If it’s been a while, take some time today to change your email and NCP Panel member passwords. Then make a schedule to update your other passwords every couple of months.

Be vigilant. It’s the best way to keep your data safe and secure! I learned that lesson well.

Have a great weekend, and enjoy the Fourth of July holiday!

FYI: The Panel Support Center will be closed on Wednesday for the holiday.

11 thoughts on “A Lesson Learned Is A Lesson Shared”

  1. It is my experience that my bank will notify me via email only that they have a message for me that is accessible at their site. They stress that the message is secure and do not offer a link. It is my option to log into my bank account to get the message. They would never upset or embarrass me by including bad news about my account in their email. They are businesslike but tactful.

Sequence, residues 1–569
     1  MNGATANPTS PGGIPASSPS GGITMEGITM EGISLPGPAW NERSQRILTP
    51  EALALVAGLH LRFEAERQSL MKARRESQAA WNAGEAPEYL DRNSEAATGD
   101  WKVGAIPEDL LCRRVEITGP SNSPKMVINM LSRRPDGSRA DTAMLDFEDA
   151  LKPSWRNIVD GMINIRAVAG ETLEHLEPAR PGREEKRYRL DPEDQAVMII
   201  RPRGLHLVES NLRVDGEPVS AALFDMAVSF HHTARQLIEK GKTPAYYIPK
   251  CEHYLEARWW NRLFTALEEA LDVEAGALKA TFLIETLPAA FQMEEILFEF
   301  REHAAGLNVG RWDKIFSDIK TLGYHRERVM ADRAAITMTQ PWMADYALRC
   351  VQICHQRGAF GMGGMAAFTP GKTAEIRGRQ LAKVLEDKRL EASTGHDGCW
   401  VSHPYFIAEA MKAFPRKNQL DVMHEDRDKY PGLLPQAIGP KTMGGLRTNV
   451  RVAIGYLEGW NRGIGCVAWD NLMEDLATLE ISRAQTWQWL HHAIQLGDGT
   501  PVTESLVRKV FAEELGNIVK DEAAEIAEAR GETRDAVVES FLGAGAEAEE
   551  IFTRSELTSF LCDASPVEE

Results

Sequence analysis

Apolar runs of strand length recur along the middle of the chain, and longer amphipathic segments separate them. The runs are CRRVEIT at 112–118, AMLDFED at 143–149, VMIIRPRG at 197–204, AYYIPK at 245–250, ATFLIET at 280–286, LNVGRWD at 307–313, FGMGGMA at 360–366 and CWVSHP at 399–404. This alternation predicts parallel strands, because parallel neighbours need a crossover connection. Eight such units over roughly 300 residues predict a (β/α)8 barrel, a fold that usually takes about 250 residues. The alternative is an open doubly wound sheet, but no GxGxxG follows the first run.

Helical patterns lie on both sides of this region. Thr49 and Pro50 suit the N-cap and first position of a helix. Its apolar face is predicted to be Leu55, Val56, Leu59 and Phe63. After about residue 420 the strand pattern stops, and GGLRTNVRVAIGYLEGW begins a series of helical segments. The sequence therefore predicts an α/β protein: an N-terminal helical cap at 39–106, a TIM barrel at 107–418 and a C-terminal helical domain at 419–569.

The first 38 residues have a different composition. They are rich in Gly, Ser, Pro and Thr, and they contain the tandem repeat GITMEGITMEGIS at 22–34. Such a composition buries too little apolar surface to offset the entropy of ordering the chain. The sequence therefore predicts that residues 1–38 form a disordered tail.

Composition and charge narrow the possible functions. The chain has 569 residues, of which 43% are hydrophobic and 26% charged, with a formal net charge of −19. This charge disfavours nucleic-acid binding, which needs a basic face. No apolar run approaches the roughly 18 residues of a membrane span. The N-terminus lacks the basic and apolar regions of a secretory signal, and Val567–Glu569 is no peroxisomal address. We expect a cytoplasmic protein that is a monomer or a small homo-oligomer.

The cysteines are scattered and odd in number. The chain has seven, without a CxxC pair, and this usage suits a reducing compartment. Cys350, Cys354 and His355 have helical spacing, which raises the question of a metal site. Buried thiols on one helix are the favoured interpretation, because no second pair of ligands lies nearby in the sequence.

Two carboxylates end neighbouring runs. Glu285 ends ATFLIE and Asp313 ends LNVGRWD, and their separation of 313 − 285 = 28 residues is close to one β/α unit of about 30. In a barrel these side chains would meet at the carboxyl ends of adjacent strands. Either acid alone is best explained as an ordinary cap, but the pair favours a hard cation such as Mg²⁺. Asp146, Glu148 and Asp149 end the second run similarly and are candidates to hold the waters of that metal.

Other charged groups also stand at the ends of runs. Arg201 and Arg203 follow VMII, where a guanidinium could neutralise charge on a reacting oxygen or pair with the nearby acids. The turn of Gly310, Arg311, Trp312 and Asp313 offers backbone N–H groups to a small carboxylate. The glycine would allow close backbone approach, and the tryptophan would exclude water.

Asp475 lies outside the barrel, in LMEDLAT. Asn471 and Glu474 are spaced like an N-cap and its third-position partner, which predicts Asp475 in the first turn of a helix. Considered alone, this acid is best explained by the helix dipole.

2. Sorry that you fell for a ‘phishing’ scam. When I check my email, I can spot them without even trying. Never ‘click’ a link on an email. I also look at the email address from which it comes, and if you have any questions call the bank or credit card company.

  3. I was duped last year and the beginning of this month the person actually got into my account with Amazon and my bank and issued themselves some money. I have had to change bank accounts and cards and my Amazon password. They even opened up an account in my name using my SSN. It has been one big headache.

  4. Thanks Taylor for this blog! It is amazing yet very scarey how they can trick us into believing their email or whatever is legit! Thank goodness you were able to contact your bank and they were on their toes to stop the fraudulent activity!!